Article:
And U.S. leaders are not shy about pushing that goal. Even before the fall of Mubarak, the Center for International Private Enterprise received money from the National Endowment for Democracy to strengthen the ability of civil society organizations in Egypt "to advocate for free market legislative reform, and to build consensus on needed changes to the Egyptian legal environment to remove impediments to competition in a free market." (6)
Mubarak enthusiastically embraced the neoliberal economic model, but U.S. and Western European elites sense an opportunity to accelerate that process and remake Egypt in their own image. Already Senators John Kerry, Joe Lieberman and John McCain are preparing legislation to establish what they term the Egyptian-American Enterprise Fund and the Tunisian-American Enterprise Fund. The Egyptian fund would be initially seeded with at least $50 million. The senators indicated that they hope these funds will attract private investment to Egypt, and said that their legislation is being modeled on the "hugely successful" efforts of a similar nature in Eastern Europe after the fall of socialism. (7) Those efforts were a huge success - for Western investors, with Eastern European economies retooled to become sources of cheap labor, and dominated by Western corporate penetration. The process was less pleasing for workers in the region, with precipitous drops in GDP, growing unemployment, poverty, and slashing of pay, pensions, and social benefits.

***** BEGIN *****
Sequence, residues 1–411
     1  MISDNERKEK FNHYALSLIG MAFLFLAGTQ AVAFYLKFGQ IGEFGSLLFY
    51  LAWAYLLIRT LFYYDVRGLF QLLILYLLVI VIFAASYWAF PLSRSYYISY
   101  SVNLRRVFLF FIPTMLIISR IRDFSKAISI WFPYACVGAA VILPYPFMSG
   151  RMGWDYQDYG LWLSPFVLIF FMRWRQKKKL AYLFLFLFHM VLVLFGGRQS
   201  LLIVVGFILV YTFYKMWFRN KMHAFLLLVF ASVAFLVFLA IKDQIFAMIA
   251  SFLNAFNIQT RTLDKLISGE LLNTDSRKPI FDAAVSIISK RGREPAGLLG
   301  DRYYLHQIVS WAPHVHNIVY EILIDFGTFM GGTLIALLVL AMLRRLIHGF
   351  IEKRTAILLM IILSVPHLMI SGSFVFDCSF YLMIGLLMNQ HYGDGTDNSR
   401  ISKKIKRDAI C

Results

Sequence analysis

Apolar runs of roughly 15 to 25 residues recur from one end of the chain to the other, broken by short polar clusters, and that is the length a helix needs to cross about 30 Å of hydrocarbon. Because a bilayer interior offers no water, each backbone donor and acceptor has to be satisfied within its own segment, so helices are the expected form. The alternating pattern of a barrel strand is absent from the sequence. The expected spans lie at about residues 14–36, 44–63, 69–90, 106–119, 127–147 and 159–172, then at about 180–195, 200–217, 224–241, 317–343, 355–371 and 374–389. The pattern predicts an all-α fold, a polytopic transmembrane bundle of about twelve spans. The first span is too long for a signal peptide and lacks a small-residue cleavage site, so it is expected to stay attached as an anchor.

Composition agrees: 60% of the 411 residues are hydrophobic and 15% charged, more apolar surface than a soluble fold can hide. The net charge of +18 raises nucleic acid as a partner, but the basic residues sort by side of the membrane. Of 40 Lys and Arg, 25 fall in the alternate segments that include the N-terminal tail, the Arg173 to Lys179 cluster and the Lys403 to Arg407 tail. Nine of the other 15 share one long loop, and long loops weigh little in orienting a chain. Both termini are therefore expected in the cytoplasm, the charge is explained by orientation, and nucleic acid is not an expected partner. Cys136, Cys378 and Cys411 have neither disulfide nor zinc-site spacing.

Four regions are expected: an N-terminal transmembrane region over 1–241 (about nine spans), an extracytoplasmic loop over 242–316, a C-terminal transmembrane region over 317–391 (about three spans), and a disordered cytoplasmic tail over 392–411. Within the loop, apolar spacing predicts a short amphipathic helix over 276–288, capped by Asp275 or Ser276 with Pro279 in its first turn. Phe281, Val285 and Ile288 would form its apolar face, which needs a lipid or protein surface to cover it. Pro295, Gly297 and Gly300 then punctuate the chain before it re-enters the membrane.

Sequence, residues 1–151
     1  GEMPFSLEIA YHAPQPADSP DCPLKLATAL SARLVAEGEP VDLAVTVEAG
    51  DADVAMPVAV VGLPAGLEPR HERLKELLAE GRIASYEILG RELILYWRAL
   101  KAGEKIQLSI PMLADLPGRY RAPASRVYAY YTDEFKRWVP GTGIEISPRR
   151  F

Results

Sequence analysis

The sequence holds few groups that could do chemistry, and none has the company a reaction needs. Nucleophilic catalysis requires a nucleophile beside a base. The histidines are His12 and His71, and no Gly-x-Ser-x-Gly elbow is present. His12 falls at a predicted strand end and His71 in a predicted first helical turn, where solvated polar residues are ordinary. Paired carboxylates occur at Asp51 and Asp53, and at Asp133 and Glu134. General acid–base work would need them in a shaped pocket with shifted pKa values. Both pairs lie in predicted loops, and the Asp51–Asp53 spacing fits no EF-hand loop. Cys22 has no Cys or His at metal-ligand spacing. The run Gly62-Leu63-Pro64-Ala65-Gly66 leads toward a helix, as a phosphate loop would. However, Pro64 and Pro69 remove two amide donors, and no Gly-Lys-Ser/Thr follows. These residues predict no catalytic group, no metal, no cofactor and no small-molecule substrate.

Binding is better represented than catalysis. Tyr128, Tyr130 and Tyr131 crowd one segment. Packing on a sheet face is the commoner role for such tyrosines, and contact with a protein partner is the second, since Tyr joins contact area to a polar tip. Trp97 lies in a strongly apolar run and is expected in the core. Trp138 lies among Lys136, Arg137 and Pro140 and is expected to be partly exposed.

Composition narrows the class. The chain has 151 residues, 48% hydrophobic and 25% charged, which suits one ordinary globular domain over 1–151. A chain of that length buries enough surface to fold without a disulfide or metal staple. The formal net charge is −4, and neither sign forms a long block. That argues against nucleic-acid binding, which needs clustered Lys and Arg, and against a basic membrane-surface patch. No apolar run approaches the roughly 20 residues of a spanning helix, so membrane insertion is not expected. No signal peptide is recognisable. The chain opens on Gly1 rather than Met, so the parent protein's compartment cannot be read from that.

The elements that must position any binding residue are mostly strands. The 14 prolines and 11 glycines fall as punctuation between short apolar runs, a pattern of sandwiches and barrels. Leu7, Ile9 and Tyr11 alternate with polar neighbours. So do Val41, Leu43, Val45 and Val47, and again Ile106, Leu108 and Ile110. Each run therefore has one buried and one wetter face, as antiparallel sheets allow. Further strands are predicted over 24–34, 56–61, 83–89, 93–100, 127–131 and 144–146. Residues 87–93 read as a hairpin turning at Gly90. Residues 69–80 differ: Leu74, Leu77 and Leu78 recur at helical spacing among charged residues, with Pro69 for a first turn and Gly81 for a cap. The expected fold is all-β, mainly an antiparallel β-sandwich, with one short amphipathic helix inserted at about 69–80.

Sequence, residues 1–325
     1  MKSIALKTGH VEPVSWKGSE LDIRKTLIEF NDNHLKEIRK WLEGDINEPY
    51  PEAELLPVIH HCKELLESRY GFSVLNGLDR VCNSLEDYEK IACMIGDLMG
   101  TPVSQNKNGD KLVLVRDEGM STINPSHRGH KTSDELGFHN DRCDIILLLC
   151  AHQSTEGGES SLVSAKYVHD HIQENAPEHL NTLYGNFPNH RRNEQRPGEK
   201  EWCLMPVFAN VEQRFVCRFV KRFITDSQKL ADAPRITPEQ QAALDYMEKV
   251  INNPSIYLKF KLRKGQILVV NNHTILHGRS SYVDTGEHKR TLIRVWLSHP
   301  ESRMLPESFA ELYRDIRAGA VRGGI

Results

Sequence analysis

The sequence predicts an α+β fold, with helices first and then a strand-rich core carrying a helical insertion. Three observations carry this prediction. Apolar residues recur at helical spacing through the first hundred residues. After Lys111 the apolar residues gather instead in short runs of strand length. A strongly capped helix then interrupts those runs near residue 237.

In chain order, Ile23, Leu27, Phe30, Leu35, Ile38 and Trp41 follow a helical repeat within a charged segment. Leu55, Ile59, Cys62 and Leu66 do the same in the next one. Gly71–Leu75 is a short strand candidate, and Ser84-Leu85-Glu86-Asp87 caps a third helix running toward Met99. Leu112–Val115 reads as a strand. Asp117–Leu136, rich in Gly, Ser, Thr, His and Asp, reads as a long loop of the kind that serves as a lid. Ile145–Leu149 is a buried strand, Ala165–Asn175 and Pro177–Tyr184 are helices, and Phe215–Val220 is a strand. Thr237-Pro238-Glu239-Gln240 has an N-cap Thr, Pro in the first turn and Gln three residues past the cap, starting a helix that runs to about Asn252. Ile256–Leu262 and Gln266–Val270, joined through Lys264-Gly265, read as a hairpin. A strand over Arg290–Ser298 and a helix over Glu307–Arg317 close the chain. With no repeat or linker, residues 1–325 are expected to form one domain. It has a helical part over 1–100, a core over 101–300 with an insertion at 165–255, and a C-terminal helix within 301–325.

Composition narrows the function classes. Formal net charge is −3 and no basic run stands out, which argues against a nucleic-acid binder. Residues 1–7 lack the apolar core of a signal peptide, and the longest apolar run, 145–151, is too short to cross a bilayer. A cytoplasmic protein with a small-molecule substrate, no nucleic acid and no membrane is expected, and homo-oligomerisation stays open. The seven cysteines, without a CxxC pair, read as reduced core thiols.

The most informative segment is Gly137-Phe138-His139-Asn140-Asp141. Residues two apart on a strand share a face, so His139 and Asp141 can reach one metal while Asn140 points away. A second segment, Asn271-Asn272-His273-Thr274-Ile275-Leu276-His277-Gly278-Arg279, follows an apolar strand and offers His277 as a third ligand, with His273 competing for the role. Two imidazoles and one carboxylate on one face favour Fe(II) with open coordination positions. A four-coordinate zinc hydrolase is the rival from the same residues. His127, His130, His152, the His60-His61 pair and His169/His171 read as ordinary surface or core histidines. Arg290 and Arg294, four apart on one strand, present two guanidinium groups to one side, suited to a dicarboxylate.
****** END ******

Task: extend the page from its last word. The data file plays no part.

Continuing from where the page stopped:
Senator Kerry said the bill he is co-sponsoring with Lieberman and McCain is based on "the belief that the United States has an historic opportunity to help these two countries, to transform the Arab awakening...into a lasting rebirth that brings prosperity and democracy."(8) In Kerry's eyes, it is the mission of the U.S. to guide events in the Arab world. Prosperity, as always, translates as increased profits for corporate interests, and democracy is little more than a euphemism for the free market. "These new enterprise funds," Kerry continued, "will allow us to do what Egypt and Tunisia are calling for - provide investment in their entrepreneurs and private businesses so their economies can stabilize, prosper and create the crucial jobs." (9) Oh really? Is that what the Egyptian and Tunisian people are calling for: support for private businesses, whose interests, as always, come at the expense of working people?